I am always fascinated by the covers chosen for books and how why they change with new reprints and editions. The styles over the years also changed with the societal changes. There are some lovely early covers and some of the 1960’s and 70’s covers now appear to be just plain awful/garish to me.

This is a great site that displays the changing styles in book covers from the early 1920’s up to the present day, and it shows not only how they developed but also how many of those from a particular period were so similar in style.

This archive is about graphic design. I’ve attempted to label each cover with a date and, where possible, a designer (or design firm). The designs are the publisher’s property, and are here as an educational tool and as things to be enjoyed.

There were many covers were not familiar to me, even into later ones but that is to be expected because these were covers for the US editions and until recently we had little access to them as our editions were from the “Commonwealth” publishers. It is well worth having a look at the site that is constantly being updated.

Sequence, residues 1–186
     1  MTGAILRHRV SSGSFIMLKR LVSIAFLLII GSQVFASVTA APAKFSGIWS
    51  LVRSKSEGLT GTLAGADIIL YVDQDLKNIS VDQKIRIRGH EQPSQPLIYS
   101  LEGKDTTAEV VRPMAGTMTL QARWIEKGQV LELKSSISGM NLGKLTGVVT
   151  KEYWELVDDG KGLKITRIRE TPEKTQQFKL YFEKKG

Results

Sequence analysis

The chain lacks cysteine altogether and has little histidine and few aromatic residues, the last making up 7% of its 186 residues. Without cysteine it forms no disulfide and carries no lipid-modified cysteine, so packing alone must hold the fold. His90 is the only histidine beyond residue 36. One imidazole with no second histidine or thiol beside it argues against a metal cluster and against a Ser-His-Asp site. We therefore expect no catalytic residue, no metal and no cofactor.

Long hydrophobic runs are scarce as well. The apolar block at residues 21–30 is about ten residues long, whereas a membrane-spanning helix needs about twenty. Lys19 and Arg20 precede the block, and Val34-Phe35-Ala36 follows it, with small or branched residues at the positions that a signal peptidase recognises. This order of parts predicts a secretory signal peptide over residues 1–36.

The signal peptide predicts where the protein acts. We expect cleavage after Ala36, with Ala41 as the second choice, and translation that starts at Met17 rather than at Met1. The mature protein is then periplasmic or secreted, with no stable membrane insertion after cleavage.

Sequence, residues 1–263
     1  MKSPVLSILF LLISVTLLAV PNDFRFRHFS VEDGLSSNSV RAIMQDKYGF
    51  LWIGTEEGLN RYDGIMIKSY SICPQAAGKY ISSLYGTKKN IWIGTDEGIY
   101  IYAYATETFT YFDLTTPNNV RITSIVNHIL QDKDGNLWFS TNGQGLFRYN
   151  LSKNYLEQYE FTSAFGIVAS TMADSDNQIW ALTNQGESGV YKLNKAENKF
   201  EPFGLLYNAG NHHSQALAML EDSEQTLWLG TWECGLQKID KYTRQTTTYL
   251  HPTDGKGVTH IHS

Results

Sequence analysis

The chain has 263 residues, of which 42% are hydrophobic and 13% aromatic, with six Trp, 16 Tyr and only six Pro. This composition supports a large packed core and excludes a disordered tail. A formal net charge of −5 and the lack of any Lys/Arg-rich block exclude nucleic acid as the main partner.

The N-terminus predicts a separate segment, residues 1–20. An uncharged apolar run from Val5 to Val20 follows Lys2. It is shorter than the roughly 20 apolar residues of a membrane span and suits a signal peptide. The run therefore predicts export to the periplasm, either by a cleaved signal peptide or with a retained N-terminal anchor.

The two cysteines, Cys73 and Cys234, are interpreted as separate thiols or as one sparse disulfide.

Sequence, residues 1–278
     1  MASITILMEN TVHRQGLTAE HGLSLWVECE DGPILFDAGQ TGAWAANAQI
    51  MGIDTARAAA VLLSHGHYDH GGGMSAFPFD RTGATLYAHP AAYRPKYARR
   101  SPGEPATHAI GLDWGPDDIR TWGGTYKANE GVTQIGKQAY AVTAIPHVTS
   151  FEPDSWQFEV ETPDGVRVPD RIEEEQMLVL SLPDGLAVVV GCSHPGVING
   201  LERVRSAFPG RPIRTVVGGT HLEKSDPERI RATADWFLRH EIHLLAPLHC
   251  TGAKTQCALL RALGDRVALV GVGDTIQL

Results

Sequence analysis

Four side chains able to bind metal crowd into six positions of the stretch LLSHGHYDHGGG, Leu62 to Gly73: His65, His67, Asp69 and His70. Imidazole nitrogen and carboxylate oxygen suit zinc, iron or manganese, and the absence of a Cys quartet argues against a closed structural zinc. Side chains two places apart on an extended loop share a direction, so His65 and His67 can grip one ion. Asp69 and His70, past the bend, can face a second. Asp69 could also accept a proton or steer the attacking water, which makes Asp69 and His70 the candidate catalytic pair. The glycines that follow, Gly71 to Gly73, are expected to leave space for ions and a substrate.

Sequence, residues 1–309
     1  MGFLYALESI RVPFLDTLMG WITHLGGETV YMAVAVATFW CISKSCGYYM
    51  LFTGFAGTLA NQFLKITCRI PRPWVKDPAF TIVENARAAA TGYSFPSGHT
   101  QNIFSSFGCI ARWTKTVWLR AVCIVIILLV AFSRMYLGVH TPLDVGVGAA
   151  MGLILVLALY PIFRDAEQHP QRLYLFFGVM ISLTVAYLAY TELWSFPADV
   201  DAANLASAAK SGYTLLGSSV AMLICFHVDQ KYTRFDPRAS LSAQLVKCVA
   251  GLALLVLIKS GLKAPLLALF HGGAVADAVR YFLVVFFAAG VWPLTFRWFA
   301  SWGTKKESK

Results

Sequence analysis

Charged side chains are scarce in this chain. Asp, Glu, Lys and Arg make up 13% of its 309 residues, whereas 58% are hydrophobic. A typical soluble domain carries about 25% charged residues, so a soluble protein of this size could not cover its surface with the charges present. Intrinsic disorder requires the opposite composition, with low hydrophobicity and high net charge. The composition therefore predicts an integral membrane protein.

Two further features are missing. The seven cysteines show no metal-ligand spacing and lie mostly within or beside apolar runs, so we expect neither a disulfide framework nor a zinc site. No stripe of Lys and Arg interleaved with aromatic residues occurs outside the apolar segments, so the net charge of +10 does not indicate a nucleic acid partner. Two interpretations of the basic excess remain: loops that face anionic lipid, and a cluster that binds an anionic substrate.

Use the drop-down navigation above to browse covers by year, by select designers, and by other more ‘synthetic’ categories. Only the ‘Time Flies’ chronological section is fully updated. There are well over 1,000 covers in the archive. I keep adding to the collection, but can only ever represent a fraction of what’s out there.

Using the drop down list, the covers from 1900-1949:

Readability – Decluttering the webpages

Sometimes you just want to read an article. The information is important or interesting to you but, if like me at the end of the day you are tired, it can be a chore to reading something that has been cluttered up with advertisements and widgets. It is distracting and annoying that there is increasingly more clutter on web pages, especially as commercial interests compete more and more with the actual core content of a page, and the reason you are on the page becomes peripheral to the useless stuff. I understand the reasons for the commercial stuff but I’m not interested at the end of the day. 

So I have been trying out some solutions that intend to make the web more enjoyable again by stripping sites of all the clutter and formatting the text for easy reading.